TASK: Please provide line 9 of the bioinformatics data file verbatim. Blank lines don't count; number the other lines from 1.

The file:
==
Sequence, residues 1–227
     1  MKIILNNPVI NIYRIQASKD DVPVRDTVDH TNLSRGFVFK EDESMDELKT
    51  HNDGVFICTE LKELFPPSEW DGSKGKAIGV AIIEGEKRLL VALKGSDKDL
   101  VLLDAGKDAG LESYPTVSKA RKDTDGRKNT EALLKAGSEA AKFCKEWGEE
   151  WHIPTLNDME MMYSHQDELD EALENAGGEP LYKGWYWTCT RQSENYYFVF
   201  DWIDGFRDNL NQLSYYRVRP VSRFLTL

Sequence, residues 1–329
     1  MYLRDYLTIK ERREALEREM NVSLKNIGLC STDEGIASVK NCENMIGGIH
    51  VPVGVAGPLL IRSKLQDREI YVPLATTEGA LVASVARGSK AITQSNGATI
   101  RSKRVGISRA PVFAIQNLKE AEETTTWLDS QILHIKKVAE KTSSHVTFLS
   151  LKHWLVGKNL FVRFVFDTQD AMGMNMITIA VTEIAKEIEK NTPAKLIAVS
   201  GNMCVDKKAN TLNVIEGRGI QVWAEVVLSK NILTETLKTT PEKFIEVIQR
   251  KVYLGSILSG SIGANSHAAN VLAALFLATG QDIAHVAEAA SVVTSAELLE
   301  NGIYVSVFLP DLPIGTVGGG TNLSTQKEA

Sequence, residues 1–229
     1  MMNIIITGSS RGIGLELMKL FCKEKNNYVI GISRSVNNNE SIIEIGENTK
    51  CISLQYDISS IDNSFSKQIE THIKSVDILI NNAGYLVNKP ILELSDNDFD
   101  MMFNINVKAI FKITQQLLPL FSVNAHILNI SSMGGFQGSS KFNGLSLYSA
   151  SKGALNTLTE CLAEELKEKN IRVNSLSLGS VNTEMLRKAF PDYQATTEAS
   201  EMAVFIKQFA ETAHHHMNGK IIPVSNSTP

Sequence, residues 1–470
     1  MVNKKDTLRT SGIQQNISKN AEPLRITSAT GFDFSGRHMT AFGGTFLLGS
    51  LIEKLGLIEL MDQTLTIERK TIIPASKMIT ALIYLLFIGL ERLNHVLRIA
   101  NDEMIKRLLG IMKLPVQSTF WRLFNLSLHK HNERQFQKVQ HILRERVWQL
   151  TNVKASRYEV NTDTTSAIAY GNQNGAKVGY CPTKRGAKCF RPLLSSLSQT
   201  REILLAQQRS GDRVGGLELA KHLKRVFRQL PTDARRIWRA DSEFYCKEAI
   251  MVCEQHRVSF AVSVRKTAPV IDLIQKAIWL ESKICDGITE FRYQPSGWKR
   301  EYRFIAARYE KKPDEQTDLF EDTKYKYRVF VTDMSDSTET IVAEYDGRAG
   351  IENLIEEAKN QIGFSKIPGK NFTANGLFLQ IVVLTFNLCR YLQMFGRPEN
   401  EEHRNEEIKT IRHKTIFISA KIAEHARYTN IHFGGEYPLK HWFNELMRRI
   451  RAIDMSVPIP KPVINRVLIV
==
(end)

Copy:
    51  VPVGVAGPLL IRSKLQDREI YVPLATTEGA LVASVARGSK AITQSNGATI